The third step is closely related to the second one. Comparing the four countries guided by the focus on the status groups we will then also seek to identify and typify the country-specific aspects of utilizing cultural capital. Here the main focus will be on the immigration and labor market policies that are regulated by national authorities. [46]

We will avoid reifying differences between countries by already initiating the comparative analysis and the establishment of a typology within one status group and subsequently between status groups within one country. For the comparative analysis, this means that we will categorize contextual settings that apply to several cases and groups of cases beyond the single case but are located below the level of the nation state. For example, migrants can complete the transition into the labor market with the help of social networks whose composition is closely related to specific contextual settings (such as a particular urban context). This could be a phenomenon independent from the national context or indeed it could possibly be transnational in nature. Hence in the country comparison we will not compare entire populations (such as the second generation of labor migrants in various European Countries); rather, we will focus on specific groups that will be compared with respect to similarities and differences that they might show with respect to particular dimensions. As a result we compare smaller units of research that, in a reconstructive manner, we will identify as relevant in the process of analyzing our empirical data. Next to the formation of social networks, these units can also be, for example, forms of cultural capital or the linking of one's family, educational and migration biography in different local and national contexts. [47]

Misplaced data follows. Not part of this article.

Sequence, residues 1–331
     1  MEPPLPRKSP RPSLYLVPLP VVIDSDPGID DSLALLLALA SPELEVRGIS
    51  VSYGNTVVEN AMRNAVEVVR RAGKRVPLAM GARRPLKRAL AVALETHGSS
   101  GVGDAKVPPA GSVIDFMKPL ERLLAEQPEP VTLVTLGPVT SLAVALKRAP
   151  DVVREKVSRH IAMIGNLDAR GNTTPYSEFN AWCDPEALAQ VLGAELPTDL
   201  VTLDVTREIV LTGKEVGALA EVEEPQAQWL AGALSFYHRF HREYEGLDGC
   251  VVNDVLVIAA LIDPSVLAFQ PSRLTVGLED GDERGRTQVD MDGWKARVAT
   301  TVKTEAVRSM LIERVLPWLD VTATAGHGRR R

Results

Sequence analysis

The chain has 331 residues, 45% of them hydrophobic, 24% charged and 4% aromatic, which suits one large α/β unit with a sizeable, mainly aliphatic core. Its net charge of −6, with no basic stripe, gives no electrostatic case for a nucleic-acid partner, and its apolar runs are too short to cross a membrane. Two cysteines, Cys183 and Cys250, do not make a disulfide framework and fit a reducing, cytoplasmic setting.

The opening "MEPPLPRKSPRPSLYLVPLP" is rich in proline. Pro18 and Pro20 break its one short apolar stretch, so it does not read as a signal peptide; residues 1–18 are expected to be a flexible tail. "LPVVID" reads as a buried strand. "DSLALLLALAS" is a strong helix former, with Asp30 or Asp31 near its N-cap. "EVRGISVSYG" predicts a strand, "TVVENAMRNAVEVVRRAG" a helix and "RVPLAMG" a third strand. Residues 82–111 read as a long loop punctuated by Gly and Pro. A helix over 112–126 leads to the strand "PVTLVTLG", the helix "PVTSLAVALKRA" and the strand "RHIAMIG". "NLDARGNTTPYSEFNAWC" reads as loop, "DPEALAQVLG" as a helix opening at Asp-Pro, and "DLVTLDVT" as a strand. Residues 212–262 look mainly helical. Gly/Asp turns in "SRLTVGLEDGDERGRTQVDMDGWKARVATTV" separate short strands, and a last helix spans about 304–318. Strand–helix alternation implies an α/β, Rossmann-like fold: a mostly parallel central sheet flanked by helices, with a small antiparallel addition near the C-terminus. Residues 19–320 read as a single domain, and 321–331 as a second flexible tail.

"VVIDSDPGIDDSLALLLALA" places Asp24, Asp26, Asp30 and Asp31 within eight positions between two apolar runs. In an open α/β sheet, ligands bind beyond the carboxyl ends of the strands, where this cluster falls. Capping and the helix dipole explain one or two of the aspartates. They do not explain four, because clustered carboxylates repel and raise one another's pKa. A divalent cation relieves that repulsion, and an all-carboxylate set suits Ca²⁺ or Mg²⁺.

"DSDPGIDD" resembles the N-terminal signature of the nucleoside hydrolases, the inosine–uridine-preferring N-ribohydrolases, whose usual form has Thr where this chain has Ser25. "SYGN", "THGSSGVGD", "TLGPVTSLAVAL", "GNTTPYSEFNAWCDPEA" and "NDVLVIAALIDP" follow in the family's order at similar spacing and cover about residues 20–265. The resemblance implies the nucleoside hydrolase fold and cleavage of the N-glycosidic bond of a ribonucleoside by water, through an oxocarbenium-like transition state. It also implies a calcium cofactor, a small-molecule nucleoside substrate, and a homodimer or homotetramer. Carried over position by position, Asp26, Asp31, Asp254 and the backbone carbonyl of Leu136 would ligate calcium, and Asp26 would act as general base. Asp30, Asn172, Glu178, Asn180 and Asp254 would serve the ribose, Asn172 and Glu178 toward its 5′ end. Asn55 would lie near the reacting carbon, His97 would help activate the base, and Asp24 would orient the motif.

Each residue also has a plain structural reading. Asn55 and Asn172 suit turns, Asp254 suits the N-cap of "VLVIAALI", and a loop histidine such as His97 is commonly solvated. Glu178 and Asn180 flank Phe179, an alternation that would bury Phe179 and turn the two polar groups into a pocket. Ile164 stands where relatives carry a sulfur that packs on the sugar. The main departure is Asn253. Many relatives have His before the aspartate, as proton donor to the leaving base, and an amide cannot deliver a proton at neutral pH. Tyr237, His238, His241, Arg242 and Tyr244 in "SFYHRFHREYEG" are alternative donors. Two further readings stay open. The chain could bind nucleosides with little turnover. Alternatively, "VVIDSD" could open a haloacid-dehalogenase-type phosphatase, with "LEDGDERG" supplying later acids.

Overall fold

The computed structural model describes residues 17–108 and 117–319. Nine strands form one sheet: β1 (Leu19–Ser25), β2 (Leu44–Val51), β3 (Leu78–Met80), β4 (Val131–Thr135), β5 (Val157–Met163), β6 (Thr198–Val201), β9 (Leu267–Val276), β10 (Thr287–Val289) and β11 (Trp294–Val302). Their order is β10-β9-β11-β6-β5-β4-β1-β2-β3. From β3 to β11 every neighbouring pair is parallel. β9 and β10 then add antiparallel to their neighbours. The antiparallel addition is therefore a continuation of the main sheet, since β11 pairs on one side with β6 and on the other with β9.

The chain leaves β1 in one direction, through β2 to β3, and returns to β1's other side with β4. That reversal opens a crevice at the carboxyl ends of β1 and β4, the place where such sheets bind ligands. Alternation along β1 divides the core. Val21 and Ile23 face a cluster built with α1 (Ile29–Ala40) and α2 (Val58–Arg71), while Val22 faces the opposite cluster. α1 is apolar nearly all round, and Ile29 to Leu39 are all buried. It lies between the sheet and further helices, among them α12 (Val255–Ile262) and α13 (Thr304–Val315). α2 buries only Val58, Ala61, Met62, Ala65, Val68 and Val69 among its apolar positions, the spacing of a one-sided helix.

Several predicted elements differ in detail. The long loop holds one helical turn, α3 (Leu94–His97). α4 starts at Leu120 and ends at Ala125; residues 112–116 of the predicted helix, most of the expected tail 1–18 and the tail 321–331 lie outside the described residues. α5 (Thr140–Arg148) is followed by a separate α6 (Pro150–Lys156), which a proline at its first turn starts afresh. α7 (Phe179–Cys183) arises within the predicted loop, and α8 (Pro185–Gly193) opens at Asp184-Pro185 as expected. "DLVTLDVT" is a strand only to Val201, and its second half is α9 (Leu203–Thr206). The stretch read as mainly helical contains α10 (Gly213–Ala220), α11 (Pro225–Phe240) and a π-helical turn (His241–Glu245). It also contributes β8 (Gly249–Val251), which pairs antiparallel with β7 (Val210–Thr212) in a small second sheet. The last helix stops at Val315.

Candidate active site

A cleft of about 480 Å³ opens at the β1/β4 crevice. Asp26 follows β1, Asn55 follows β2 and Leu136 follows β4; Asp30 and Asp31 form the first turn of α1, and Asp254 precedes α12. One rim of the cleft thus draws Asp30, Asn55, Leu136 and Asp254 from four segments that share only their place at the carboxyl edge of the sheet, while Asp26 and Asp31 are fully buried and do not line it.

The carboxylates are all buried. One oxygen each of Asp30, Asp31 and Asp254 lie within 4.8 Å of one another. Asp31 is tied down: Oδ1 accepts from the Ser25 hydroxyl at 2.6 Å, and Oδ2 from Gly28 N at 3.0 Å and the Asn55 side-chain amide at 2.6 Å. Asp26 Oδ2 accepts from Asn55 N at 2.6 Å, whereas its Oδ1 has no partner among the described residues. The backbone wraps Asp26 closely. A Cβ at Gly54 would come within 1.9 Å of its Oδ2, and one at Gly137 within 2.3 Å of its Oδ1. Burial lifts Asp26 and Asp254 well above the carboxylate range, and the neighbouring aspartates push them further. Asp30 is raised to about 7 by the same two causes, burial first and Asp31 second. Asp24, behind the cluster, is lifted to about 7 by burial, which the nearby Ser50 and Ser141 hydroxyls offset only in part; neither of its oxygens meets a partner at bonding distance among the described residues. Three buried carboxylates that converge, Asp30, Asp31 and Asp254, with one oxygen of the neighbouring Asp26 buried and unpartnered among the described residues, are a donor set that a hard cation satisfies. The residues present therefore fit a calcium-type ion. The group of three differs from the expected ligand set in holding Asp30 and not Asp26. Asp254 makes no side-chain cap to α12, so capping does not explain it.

This will distinguish our approach from other multi-national comparative projects that also study phenomena on the meso level such as ethnographies on socialization in schools (SCHIFFAUER, BAUMANN, KASTORYANO & VERTOVEC, 2002) or internationally comparative analyses of social movements or political institutions (KOOPMANS, STATHAM, GIUGNI & PASSY, 2005). In these studies, from the beginning, the units of analysis are defined in country-specific terms. For our study group it is undetermined whether the national context is of decisive weight and whether we can find trans-national similarities or variations within national societies that are more relevant. In our study it is crucial that, although the status groups organize our sampling strategies, we do not determine the units of analysis a priori. Rather, they will be determined only as a result of our empirical findings and in the process of analyzing the data aimed at developing theories and typologies. It is an empirical question if the national context is decisive or if the phenomena under research have transnational parallels or vary within one country. By systematically varying and comparing the contextual settings for the status passage of migrants into the labor market we will be able to account for their effects on the utilization of cultural capital in the framework of a qualitative multi-level analysis. [48]

5. Conclusion